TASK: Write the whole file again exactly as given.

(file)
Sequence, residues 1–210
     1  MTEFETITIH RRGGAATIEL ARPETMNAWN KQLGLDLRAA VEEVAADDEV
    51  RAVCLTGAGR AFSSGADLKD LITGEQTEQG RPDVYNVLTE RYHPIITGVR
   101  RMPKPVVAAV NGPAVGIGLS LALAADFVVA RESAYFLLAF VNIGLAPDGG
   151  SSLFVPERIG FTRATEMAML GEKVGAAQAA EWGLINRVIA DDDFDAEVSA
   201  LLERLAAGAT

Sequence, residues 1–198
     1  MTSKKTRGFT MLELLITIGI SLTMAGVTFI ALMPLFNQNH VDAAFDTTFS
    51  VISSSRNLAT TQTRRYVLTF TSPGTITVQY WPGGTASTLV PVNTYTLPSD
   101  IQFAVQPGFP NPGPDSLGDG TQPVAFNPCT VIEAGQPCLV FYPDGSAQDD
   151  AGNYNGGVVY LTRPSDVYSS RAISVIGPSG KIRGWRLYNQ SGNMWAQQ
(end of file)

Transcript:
Sequence, residues 1–210
     1  MTEFETITIH RRGGAATIEL ARPETMNAWN KQLGLDLRAA VEEVAADDEV
    51  RAVCLTGAGR AFSSGADLKD LITGEQTEQG RPDVYNVLTE RYHPIITGVR
   101  RMPKPVVAAV NGPAVGIGLS LALAADFVVA RESAYFLLAF VNIGLAPDGG
   151  SSLFVPERIG FTRATEMAML GEKVGAAQAA EWGLINRVIA DDDFDAEVSA
   201  LLERLAAGAT

Sequence, residues 1–198
     1  MTSKKTRGFT MLELLITIGI SLTMAGVTFI ALMPLFNQNH VDAAFDTTFS
    51  VISSSRNLAT TQTRRYVLTF TSPGTITVQY WPGGTASTLV PVNTYTLPSD
   101  IQFAVQPGFP NPGPDSLGDG TQPVAFNPCT VIEAGQPCLV FYPDGSAQDD
   151  AGNYNGGVVY LTRPSDVYSS RAISVIGPSG KIRGWRLYNQ SGNMWAQQ